"Make it real; make it pop; and make sure your messages, values, and activities are all aligned," Van Vranken said.

Don't be surprised to learn that the most dramatic and immediate change in your organizational culture stems from praising employees and recognizing their achievements. And that recognition need not be monetary. In fact, many consulting firms that specialize in reward and recognition programs will tell you that research shows public praise and recognition can be more meaningful to workers than a cash card or check in a sealed envelope.

There are plenty of simple and effective ways for leaders to recognize their employees, from employee photos in the lobby to prestigious parking spots. Whatever you decide, make sure to communicate both expectations and celebrations clearly. Encourage your team members to follow your lead in recognizing others for a job well done. Share praise openly, and consider organizing recognition events to honor bigger accomplishments, especially those reached by teams working closely together.

4. Help Employees Fulfill Their Personal Career Goals

Career development is a key driver of employee satisfaction. Your strongest performers will always be resume builders. Providing opportunities for talented individuals to do their best work every day, combined with training and educational opportunities, will go a long way in helping people achieve their career advancement goals.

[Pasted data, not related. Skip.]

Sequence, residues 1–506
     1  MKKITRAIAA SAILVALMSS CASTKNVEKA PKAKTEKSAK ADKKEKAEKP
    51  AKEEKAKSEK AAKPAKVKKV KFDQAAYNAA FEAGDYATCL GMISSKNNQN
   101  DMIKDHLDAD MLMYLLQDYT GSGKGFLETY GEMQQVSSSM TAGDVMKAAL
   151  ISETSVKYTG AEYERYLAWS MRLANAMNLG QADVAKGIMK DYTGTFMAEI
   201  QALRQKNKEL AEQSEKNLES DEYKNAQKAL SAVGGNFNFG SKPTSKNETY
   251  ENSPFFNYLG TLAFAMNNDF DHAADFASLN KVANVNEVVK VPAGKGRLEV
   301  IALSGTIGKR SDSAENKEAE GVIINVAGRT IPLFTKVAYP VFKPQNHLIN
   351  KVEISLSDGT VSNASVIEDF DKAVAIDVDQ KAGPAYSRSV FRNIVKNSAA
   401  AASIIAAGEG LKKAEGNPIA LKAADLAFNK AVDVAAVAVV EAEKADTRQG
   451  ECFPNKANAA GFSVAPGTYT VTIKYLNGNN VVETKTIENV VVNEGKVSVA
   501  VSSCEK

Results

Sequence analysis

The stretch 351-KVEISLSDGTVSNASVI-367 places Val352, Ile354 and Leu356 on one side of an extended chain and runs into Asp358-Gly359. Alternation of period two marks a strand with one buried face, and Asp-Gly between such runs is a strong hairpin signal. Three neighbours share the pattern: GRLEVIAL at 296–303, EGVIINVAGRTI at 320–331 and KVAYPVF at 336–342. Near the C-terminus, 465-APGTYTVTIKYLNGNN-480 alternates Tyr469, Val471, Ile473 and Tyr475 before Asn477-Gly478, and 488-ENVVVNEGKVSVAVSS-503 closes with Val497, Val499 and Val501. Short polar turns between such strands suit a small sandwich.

Become an organization known for its commitment to professional development. Provide networking opportunities for your staffers to meet leaders from other parts of the organization over team lunch meetings. Serve as a mentor and coach to your direct reports by asking them about their longer-term goals and how you could help them get there.

"Show that you're interested in the whole person, not just the one who shows up at work," Van Vranken said. "You'll likely find that people will respond in kind to the heightened dose of positive attention they're garnering,"

More specifically, Hollingsworth said, "Ask your employees to schedule 30 minutes with you once per quarter to review their progress toward their career goals. Invite them to share their resume with you to help them make the best presentation possible and [add] their work-related achievements to their LinkedIn profiles as well. Remember that when you develop an achievement mentality where employees are adding accomplishment bullets to their resume, you'll create a high-performance culture where high-performers are far less inclined to leave."

5. Plan Ahead